I got a call last week from a producer of a huge daytime talk show, hosted by a celebrity and all. They wanted to know if I had ever been on TV before because they’d like me to appear in an upcoming episode they were putting together. I got all excited and then remembered I never asked, “What’s the show going to be about?”
“Oh!,” the producer responded, “It’s going to be about a legal Nevada prostitute who claims she’s providing a real, high-quality level of intimacy for men with her companionship, because their wives or girlfriends aren’t doing that for the men…”
The producer heard my little gasp on the other end of the line and empathetically added, “I think it’s terrible, personally. I cannot even believe the success this prostitute has had with her article. But it did get circulated widely on the internet, so we’d like to jump in on some of that activity, show both sides of that story…”
Both sides? Like a court case in which we can’t move forward until a decision on who’s right is reached? I know, I know…I’m being overly sensitive; the producer was just doing her job.
I interrupted her again with more questions. “Were you intending to put us together on the same stage at the same time?”
“Yes…that’s what we want to do-—have celebrity X appear in the middle between you, asking you both questions as well as inviting the live audience to participate.”
“Hmm…I don’t think so. That’s not a good idea for me.”
“Oh why not? It would be great!” Yeah. I know it would be good for the show’s ratings, but not so great for PoSAs (Partners of Sex Addicts) if it turns into a verbally dynamic conversation. Which has been my past experience with media. Everyone wants a story if it involves sex, intrigue, and betrayal… because they sell. But even when I’ve been assured the media company ‘had my back’, the opposite was true, so now I’m understandably nervous, I think.
Finally I replied with, “The only way I would even consider it, is if you bisect the show into two parts- first the host can interview the prostitute. Then in the next segment, they can interview me after the prostitute has left the stage.”
The producer didn’t like that suggestion. Right. It doesn’t create enough ‘tension’, I guess. Because my primary goal is to ensure some dignity for PoSAs everywhere who are in a nightmare because of their partner’s sexual acting out with prostitutes, I declined the offer.
Next the producer asked me if I could recommend other women for the show who had experience in being “on the other side of this issue.” Issue? What issue would that be?
The issue the other “side” will have is the lie that we women in committed partnerships are doing a lousy job of providing intimacy as being the reason that the prostitute’s business is booming. The prostitute actually bragged about that in her article, which I read later. I shouldn’t have read it because it deeply offended me as a PoSA, especially when I learned that she is a big advocate for legalization of prostitution in the U.S. and all the rights that would confer on prostitutes.
But then again, did I really expect not to be triggered by a woman who’s so disingenuous as to insist on euphemistically calling herself a professional courtesan, not a prostitute?
At PoSARC, we work with partners every day whose lives are wrecked because they’re being gaslighted, given STD’s and are suffering heartbreak due to their partner’s infidelities. And tragically, ironically, I seem to work with almost exclusively PoSAs where the sex addict withholds sex from them. So…the claim that we’re slacking off in the intimacy department deposited me somewhere between enraged and thinking how ludicrous it all was. Wonder, if I’d agreed to be on the show, which of my two outraged sides would have shown up- the feminist side or the PoSA side? Hmm.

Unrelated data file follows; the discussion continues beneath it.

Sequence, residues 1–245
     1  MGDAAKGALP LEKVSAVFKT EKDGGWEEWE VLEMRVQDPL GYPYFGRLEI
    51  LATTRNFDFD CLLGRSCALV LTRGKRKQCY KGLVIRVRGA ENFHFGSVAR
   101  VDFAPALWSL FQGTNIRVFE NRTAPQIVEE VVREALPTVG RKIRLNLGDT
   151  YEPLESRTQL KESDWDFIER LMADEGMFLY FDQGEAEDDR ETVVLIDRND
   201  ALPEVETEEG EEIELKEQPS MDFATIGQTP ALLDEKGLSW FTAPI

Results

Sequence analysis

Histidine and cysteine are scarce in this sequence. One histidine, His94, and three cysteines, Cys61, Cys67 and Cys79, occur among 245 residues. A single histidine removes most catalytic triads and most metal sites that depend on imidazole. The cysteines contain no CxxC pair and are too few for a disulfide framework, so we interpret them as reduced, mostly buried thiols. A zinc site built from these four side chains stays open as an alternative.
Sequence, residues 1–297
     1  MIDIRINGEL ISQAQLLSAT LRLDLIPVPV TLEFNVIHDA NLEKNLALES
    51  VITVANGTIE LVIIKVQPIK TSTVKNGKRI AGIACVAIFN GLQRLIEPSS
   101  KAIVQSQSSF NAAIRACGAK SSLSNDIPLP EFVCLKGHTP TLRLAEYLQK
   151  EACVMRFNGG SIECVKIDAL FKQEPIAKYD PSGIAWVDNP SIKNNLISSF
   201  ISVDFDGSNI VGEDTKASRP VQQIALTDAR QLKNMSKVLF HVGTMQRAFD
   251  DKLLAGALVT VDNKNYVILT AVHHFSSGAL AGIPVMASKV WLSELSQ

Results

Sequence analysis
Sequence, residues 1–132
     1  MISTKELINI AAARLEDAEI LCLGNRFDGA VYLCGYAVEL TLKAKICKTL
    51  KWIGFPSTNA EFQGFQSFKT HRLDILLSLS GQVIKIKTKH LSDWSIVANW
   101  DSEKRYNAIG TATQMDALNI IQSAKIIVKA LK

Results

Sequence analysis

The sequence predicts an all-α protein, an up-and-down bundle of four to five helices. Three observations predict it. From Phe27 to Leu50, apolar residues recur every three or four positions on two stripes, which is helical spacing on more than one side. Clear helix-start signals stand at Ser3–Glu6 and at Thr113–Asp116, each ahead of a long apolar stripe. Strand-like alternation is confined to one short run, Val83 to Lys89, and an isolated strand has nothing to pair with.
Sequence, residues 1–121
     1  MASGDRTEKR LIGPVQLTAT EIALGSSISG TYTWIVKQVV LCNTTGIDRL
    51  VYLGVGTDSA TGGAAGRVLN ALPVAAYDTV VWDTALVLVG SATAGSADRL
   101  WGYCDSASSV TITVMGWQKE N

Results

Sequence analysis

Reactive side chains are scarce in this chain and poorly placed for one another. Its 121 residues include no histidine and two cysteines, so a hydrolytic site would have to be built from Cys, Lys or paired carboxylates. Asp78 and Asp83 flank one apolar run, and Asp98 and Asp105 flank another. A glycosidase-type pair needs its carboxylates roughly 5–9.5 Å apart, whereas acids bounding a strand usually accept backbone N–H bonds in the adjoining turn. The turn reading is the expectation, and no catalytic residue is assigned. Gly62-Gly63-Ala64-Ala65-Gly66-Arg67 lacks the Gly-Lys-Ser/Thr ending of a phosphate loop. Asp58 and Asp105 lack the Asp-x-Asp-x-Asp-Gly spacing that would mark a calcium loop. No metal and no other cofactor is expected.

I wished the producer luck with finding women who would go on national television talking about their sexually compulsive husbands or boyfriends (or ex’s, for that matter).
The producer assured me there was a cadre of attorneys that would protect any woman I would send in. I had to explain it’s not about legalities. It’s about ethics. It’s about us protecting ourselves from further hurt by those who exploit themselves to make money and then try to paint us as 1950s housewives, hopelessly stuck in dreamland, wishing our husbands would be monogamous. Participating in that isn’t my idea of a good time or an example of good activism, either.
“Oh, right. Sensitive topic. Well…I’m pretty sure I’ll be able to find a few women who don’t mind talking about their experiences.”
“I wish you luck with that,” I said to the producer and finished up the call. On the one hand, I was glad someone wanted to cover this issue, but I felt sure it would end up being sensationalized.
When I called Terre and told her, she said, “If you even think about allowing some TV show to twist and distort our stories into some juicy daytime talk show, I will personally get on a plane and lock you in a closet! We’ve all been hurt enough and I won’t allow you to put yourself in harm’s way like that. It’s not good for you, it’s not good for other PoSAs to risk being misrepresented and made fun of, in a show’s quest for a salacious episode. OK?”
I love Terre; she’s most definitely the protective big sister I always wished I had. Not to mention a fierce champion of women’s dignity. Thanks, Terre!
That a show wants to posit that there might be a balance possible here doesn’t surprise me, but it does anger and sadden me.
Is it just my observation, or are we as a people slipping lower and lower into raunch culture? Attempts to blur the line between two “sides” that will never be reconciled (nor should they be) sensationalizes and minimizes what anyone involved with a sex addict/ compulsive has had to live through.
What do you think?